21 September 2010


There is no one perfect food out there. But a small list of foods come close. Among those, I count the humble egg.

Sure, eggs went through a bit of a public relations crisis during the great cholesterol hype of the 90s. But as it turns out – or at least according to the egg marketing board, whose brochures graced a waiting room in which I was stuck for over an hour – eating an egg a day is hardly damaging to even those with slightly elevated cholesterol.

Which leads one to think that perhaps if you don't eat eggs every day, but instead have a couple of eggs a couple of times a week, you're probably still within the safety zone.

Whether you're living on a budget, trying to go meatless, or just feeling different, eggs can be put to use at any time of day. The following recipe works well for a lazy Saturday breakfast, Sunday brunch, weekday lunch, or any night dinner. You can make it with any combination of ingredients, as you'll see below.

Don't let the long recipe fool you. This is quick and easy to make. And since it's the "unflipped omelette", it's pretty much idiot proof. Can't really go wrong with that!


6 eggs (or 4 eggs + 3 whites)
1/4 cup milk
salt & pepper

Beat together in a steel bowl.

Optional – add anything from this list, mixing again to incorporate:
1 Tbsp Sundried tomatoes, finely chopped
1 Tbsp Pesto
2 Tbsp fresh Basil or Oregano or Parsley, finely chopped
1/2 tsp dried Red Pepper Flakes
2 Tbsp fresh or dried Parmesan, finely grated (omit salt from eggs)

Set the egg mixture aside.

Pick 2 to 4 of the following ingredients, in whatever quantity you like 
(between 1/6 and 1/2 cup each, max):
Red or green peppers, sliced into strips
Asparagus, cut into 1" lengths
Fennel root, sliced into thin 1" strips
Mushrooms, sliced thinly
Zuchinni, sliced into thin half-rounds
Leeks, sliced thinly from whites up to first inch of green
Spanish onion, chopped into smallish thin pieces
Broccoli florets, 1/2" or smaller pieces
Green onions, sliced thinly from white end 1" up green stem
Spinach, rinsed very well and dried, chopped roughly
Cherry or Grape tomatoes, halved
Cooked Chorizo or Italian sausage, chopped roughly into small pieces

No cooking required:
Ham, or smoked turkey, sliced into small pieces
Black olives, sliced or finely chopped

Put a large oven-proof skillet over medium heat. Add about 1 tablespoon olive oil.

Start adding ingredients from list above, tossing lightly to coat in oil as you do. Ingredients are listed in order of how much cooking time they'll require. Working down the list, give each item about a minute more than the next one (ie red peppers, then a minute later, mushrooms, then a minute later, cherry tomatoes). Use your judgement – you're softening the ingredients, but don't over cook -- the longest the pan should be over heat and cooking is about 5 or 6 minutes. Add a generous pinch of salt and a whack of freshly ground black pepper, tossing to mix it in.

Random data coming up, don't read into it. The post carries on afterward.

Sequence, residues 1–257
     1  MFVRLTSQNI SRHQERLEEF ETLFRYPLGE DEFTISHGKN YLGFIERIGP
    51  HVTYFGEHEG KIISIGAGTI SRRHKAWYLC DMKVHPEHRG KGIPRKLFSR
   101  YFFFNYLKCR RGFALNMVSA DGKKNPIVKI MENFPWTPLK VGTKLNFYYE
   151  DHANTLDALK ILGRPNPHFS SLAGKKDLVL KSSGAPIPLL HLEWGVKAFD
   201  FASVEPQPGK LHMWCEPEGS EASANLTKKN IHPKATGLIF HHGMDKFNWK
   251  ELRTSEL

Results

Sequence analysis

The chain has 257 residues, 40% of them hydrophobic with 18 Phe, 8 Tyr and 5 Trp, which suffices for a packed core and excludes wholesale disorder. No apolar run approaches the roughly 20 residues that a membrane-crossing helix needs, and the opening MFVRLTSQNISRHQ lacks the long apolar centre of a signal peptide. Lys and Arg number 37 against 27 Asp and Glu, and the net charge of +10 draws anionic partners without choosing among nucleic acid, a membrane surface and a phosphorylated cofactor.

Turn the burner down to medium low, or if you have an ├╝ber-powerful cooktop, play it safe and use a lower setting. On a gas cooktop, you can keep the frying pan in place at this point. On an electric cooktop, remove it from the burner for a minute or so to allow it to cool down.

At the same time, turn your oven on to low broil. If you only have one broil setting (high!), set the oven at 475 degrees, instead. In either case, put the top rack about 6 to 9 inches below the top of the oven. Better to err on the side of more distance than too little.

Back to your frying pan. With a spatula, give the ingredients a quick push around the pan to evenly distribute them over the entire surface. Now add your egg mixture, and swirl it around to evenly cover the pan by tilting it a bit back and forth.

Set on the burner, and allow to cook for about 7 or 8 minutes. The mixture should be setting up a bit on the top (ie not as runny as when you put it in there), and definitely should be firming up on the edges. If you wanted to top it with some picture perfect tomato slices, this would be a good time to do so – just lay some very thin slices over the top. They'll sink in a bit, but will still be at the top of the frittata.

Now you can add the cheese!

Top with one of the following, scattered evenly over the entire surface. 
Use about 1/2 to 1 cup, grated, max:
Fresh or Buffalo Mozzerella sliced into thin rounds
Smoked cheddar or provolone
Marble or mild cheddar
Asiago (use a bit less salt throughout the frittata)

... or hey, use whatever cheese you wish. There's a world of cheese out there, most of it appropriate for a dish like this! I'm a real fan of the smokier cheeses.

Now, into the oven goes the frying pan. Slide it in to the centre of that top rack that you so carefully positioned. Shut the door, and quickly get everything else for your meal ready. You have about 4 or 5 minutes. Keep an eye on the frittata, to be sure it's not burning.

You want the cheese to be melted, and the eggs ought to be completely set.

While it's hot, loosen around the edges of the frittata and the pan, to free it. Slide it carefully onto a plate and slice into wedges to make four to six portions. If you're not sure it will cooperate in exiting the pan, just slice it up in the pan with a pizza cutter, and set it out on the table on a heat proof trivet, and say you're eating a la rustica. Garnish with a bit of fresh parsley or basil leaves, or even cherry tomatoes, if you have them on hand.

A tossed garden salad and crusty bread go well with this. So does a nice side dish of roasted potatoes.

There you have it. Eggs for any occasion. Easy, impressive, and utterly delicious!

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